Partner: UNT Libraries Government Documents Department

Synthesis and Complexation Studies of Novel Functionalized Crown Ethers and Azacrown Ethers

Description: Novel cage-functionalized azacrown ethers, i.e. 51, 52, 53, 55, 57, 61 and 62, which have various crown cavity and different number of nitrogen atoms incorporated, have been prepared. X-ray structures of 53, 55 and 57 have been obtained for the study of the crown topological structure. The complexation properties of crown 51, 52, 57, 61 and 62 have been evaluated via alkali metal picrate extraction, silver picrate extraction and ESI-MS study. The novel cage-fuctionalized azacrown ethers generally exhibit high avidity and selectivity towards Ag+ versus alkali metal ions and some transition metals i.e. Cu2+, Mn2+, Zn2+, Ni2+ and Pb2+. Crown 61 displays significant avidity and selectivity toward K+ in alkali metal picrate extraction experiments vis-à-vis the remaining alkali metal picrates. Three types of ditopic ion-exchange receptors for sodium hydroxide extraction study have been designed. All of the crown ether molecules have proper cavity for selective sodium complexation and have weakly acidic ionizable alcohols for sodium-proton exchange under strongly basic conditions. Crown 80 and 81 were synthesized; key intermediates for the synthesis of crown 82, 83 and 84 have been prepared. The preparation of 99 afforded an unexpected crown 103. The preparation of 109 had been attempted, but could not be successfully isolated. Four novel cage-functionalized calix[4]arene crown-5, i.e. 113-116, have been synthesized. The structures of 113 and 116 have been established by X-ray crystal structural analysis and NMR spectral analysis. The complexation properties of the four ionic receptors have been studied via alkali metal picrate extraction experiments. Crown 115 and 116 display more than modest avidity toward alkali metal ions and are most selective toward K+ vis-à-vis 113 and 114.
Access: This item is restricted to the UNT Community Members at a UNT Libraries Location.
Date: May 2006
Creator: Huang, Zilin
Partner: UNT Libraries

Extraction of short-lived zirconium and hafnium isotopes usingcrown ethers: A model system for the study of rutherfordium

Description: The extraction of zirconium and hafnium from hydrochloric acid media was studied using the crown ethers dibenzo-18-crown-6 (DB18C6), dicyclohexano-18-crown-6 (DC18C6) and dicyclohexano-24-crown-8 (DC24C8) as extractants. The goal was to find an extraction system that exhibits a high selectivity between the members of group 4 of the periodic table and is suitable for the study of rutherfordium. It was found that Zr and Hf are both extracted using DB18C6, DC18C6 and DC24C8. The extraction yield increases with increasing acid concentration and increasing concentration of crown ether. The extracted species most likely consists of an ion-association complex formed between a Zr or Hf chloro complex and a hydronium crown ether complex. Conditions can be found for each extractant that provide for the separation of Zr from Hf. This selective separation between Zr and Hf makes the extraction with crown ethers from HCl well suited to study the extraction behavior of Rf and compare it to the behavior of Zr and Hf. These extraction systems can be used to determine whether the extraction behavior of Rf is similar to Zr, similar to Hf or follows the trend established by the lighter homologs. The extraction kinetics are fast enough for the study of the 78-s isotope {sup 261}Rf.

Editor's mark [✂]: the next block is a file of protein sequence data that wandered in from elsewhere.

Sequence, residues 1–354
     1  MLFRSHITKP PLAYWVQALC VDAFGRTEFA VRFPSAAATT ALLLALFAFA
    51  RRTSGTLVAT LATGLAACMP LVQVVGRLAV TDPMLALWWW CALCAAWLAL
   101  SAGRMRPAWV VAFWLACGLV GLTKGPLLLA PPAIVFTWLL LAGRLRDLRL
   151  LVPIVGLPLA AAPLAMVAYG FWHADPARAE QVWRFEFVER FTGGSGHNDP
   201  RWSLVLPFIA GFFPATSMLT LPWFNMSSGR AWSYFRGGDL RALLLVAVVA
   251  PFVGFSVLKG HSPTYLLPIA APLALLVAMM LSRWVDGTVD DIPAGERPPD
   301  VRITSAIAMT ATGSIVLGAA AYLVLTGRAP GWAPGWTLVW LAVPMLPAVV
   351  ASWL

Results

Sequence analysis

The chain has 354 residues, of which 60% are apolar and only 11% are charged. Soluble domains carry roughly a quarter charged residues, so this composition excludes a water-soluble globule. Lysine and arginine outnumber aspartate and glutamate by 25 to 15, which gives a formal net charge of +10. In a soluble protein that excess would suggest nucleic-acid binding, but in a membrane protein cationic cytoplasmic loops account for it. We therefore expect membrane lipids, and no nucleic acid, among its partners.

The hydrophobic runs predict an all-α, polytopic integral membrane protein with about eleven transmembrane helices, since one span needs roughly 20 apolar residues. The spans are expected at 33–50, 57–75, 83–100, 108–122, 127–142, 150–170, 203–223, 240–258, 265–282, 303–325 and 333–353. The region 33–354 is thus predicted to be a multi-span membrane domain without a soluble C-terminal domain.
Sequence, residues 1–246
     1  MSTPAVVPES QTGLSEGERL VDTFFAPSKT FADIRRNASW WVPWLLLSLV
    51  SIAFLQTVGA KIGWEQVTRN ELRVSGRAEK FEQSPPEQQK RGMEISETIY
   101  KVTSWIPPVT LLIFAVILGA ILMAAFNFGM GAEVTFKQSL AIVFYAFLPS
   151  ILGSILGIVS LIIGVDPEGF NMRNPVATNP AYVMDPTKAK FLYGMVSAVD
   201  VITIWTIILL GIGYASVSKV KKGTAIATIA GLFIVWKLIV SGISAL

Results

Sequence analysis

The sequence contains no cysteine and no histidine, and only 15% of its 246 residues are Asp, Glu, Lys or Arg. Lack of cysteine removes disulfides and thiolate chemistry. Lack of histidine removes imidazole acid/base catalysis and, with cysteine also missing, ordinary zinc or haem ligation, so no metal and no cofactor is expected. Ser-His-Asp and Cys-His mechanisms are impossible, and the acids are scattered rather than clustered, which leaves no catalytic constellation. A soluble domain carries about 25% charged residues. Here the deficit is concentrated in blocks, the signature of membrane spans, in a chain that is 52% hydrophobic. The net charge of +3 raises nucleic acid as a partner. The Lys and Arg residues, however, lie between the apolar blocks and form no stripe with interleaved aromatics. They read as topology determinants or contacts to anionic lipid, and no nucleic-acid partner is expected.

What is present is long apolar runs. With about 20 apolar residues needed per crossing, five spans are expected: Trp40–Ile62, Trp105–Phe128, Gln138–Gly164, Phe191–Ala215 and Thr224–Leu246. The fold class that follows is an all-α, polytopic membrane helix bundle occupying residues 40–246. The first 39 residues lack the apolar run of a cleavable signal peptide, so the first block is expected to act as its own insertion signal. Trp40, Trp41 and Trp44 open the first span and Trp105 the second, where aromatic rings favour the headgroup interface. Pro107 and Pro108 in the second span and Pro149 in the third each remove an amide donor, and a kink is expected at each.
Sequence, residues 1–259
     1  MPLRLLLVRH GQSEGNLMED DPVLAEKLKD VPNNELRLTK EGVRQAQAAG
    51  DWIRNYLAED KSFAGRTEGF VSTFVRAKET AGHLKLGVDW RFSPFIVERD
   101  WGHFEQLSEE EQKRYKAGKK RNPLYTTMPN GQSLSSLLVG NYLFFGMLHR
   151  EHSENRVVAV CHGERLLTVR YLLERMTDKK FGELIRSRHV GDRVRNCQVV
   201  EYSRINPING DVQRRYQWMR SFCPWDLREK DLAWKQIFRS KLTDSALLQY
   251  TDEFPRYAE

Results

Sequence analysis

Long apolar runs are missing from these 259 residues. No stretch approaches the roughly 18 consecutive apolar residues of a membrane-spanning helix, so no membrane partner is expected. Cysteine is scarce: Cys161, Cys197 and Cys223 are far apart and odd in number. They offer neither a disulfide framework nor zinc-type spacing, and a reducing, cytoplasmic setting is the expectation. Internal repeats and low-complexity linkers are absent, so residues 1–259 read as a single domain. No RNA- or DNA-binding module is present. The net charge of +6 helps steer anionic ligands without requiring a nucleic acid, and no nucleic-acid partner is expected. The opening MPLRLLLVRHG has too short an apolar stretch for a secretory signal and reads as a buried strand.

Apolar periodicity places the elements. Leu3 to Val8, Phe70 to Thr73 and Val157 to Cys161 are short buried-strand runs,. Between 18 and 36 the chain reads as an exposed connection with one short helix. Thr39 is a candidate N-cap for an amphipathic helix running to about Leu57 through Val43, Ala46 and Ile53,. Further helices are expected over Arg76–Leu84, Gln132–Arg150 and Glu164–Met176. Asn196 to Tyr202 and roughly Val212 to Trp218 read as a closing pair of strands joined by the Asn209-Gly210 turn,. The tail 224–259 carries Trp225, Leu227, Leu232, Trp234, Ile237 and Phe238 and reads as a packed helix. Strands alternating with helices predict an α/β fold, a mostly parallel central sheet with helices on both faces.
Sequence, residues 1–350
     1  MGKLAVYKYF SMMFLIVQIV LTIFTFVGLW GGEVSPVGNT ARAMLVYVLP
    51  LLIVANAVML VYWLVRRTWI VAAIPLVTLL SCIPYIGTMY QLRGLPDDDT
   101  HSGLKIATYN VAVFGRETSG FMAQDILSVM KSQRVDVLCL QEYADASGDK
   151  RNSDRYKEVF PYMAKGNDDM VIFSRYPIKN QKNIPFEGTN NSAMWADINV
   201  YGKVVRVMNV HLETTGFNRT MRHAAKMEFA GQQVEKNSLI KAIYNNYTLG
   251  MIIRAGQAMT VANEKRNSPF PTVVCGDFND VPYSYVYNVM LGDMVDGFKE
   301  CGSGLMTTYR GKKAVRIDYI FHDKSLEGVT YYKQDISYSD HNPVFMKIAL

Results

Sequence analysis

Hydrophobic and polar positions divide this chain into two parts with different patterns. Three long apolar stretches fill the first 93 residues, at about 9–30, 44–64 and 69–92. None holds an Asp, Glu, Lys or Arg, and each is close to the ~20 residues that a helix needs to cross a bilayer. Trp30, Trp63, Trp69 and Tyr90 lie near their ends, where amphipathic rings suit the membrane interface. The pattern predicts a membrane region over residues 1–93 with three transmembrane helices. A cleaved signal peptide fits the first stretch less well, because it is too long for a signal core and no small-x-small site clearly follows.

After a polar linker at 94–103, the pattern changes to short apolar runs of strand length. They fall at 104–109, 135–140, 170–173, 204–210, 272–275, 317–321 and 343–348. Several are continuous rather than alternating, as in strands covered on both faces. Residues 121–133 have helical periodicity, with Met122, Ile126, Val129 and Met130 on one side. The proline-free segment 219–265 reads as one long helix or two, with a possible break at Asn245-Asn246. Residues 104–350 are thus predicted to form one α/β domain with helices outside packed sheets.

Date: July 6, 2005
Creator: Sudowe, Ralf; Calvert, Michael G.; Dullmann, Christoph E.; Farina, Lindsy M.; Folden III, Charles M.; Gregorich, Kenneth E. et al.
Partner: UNT Libraries Government Documents Department

THE STRUCTURE OF THE SO-CALLED ''ETHYLMETAPHOSPHATE'' (LANGHELDESTER)

Description: Phosphorus pentoxide reacts with ether to form bicyclo-tetraphosphate ester (II), cyclotetraphosphate ester (III), isocyclotetraphosphate ester (IV), and tetraphosphate ester (V). Phosphorus n.m.r. measurements show the content of the mixtures. The so-called 'ethyl metaphosphate' (Langheld ester) is a mixture of III (50% to 45%), IV (36% to 25%), and V (14% to 30%).
Date: June 1, 1964
Creator: Burkhardt, Gottfried; Klein, Melvin & Calvin, Melvin.
Partner: UNT Libraries Government Documents Department

Characterization of the Cobalamin and Fep Operons in Methylobium petrolphilum PM1

Description: The bacterium Methylobium petroleophilum PM1 is economically important due to its ability to degrade methyl tert-butyl ether (MTBE), a fuel additive. Because PM1 is a representative of all MTBE degraders, it is important to understand the transport pathways critical for the organism to survive in its particular environment. In this study, the cobalamin pathway and select iron transport genes will be characterized to help further understand all metabolic pathways in PM1. PM1 contains a total of four cobalamin operons. A single operon is located on the chromosome. Located on the megaplasmid are two tandem repeats of cob operons and a very close representative of the cob operon located on the chromosome. The fep operon, an iron transport mechanism, lies within the multiple copies of the cob operon. The cob operon and the fep operon appear to be unrelated except for a shared need for the T-on-B-dependent energy transduction complex to assist the operons in moving large molecules across the outer membrane of the cell. A genomic study of the cob and the fep operons with that of phylogenetically related organisms helped to confirm the identity of the cob and fep operons and to represent the pathways. More study of the pathways should be done to find the relationship that positions the two seemingly unrelated cob and fep genes together in what appears to be one operon.
Date: September 6, 2005
Creator: Ewing, J
Partner: UNT Libraries Government Documents Department